According to Ramirez, laws are among the most impressive public health prevention strategies because they have legislative “teeth” and involve prevention efforts often across multiple sectors in a community.

“Our research begins to understand how laws can indeed lead to meaningful changes,” Ramirez says, “and this knowledge is essential for the schools who are struggling each day to deal with the bullied child.”

She says that further research is needed to understand which specific components of anti-bullying laws work and how laws could be improved for greater impact.

Others contributing to the study include Corinne Peek-Asa and Joseph Cavanaugh from the UI College of Public Health, Patrick Ten Eyck from the Institute for Clinical and Translational Science, and Angela Onwuachi-Willig from the UI College of Law.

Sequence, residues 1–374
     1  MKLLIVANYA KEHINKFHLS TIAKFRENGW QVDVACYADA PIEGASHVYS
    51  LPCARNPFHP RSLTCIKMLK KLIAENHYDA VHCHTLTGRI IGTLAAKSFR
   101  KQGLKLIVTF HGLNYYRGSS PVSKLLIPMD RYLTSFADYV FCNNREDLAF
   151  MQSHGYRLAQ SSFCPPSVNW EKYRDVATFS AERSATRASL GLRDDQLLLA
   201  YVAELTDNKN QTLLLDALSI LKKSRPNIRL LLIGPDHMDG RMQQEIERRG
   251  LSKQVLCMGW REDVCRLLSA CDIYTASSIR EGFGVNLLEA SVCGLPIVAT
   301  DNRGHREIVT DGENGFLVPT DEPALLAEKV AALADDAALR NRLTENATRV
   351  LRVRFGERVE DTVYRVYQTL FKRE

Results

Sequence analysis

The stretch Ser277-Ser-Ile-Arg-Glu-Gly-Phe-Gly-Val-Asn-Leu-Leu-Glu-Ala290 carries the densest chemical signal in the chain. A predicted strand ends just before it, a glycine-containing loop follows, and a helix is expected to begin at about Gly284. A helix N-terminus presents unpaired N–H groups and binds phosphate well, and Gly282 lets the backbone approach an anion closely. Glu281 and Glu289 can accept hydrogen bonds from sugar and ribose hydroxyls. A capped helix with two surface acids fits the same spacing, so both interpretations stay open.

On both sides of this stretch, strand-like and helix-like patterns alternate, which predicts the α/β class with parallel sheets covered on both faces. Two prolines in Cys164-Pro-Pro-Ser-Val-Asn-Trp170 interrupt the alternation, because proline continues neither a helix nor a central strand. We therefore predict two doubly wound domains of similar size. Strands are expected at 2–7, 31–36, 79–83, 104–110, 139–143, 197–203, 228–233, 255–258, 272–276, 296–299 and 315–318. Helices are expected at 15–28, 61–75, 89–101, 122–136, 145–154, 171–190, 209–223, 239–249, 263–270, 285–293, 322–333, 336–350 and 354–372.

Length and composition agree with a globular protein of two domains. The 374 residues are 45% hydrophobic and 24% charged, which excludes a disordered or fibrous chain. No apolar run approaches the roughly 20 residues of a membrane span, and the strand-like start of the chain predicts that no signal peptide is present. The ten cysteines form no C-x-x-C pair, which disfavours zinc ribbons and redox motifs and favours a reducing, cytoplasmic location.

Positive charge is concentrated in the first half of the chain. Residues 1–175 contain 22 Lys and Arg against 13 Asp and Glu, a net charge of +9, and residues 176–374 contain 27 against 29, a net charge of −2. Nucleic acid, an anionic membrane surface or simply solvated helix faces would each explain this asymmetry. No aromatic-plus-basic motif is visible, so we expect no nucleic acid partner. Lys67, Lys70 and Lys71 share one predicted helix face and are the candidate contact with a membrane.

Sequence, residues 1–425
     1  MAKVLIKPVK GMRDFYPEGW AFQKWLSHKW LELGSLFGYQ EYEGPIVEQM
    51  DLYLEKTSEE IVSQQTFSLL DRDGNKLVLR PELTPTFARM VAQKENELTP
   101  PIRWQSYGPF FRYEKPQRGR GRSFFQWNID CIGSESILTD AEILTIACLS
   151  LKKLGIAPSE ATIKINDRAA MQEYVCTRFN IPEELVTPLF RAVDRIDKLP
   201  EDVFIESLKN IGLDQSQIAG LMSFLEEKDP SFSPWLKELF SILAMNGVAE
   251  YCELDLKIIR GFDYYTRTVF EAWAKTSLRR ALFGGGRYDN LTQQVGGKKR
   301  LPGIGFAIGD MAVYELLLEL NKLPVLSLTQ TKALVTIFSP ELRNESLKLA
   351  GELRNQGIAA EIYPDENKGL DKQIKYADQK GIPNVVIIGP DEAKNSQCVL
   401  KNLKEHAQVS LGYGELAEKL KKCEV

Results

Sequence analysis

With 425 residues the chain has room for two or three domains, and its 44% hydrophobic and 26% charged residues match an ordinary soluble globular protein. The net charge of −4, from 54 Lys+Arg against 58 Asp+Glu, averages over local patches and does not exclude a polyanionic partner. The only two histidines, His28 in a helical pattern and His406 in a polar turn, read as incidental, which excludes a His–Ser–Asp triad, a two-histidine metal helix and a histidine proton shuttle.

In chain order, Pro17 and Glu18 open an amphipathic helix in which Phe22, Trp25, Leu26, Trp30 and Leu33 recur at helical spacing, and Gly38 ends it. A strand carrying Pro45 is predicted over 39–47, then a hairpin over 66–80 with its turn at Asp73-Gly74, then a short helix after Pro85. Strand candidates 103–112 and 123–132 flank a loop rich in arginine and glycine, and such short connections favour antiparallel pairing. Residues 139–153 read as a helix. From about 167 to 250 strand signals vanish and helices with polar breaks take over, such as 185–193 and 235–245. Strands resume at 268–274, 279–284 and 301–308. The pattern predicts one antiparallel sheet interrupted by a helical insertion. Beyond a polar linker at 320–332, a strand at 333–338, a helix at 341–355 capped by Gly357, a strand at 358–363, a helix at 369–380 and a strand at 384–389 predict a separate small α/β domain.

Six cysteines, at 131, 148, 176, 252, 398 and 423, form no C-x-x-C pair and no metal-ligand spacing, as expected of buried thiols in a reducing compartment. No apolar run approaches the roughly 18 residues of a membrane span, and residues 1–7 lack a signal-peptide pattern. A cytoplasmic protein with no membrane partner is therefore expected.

Encouraging the art of empathy

illustrations of young people with laptop, backpacksI AM FROM FRIED MOZZARELLA.

I AM FROM COOL SPRING DAYS.

I AM FROM THEY SAID I WAS NOT THAT SMART.

These are words written by Cedar Rapids, Iowa, middle school students who participated in an activity to get them talking about bullying and identity using art and expression. First, the students answered questions like: What is your favorite food? What is your favorite season? What is something cruel that has been said to you? Then, the students put the words “I am from” in front of their responses, creating poems to share with their peers.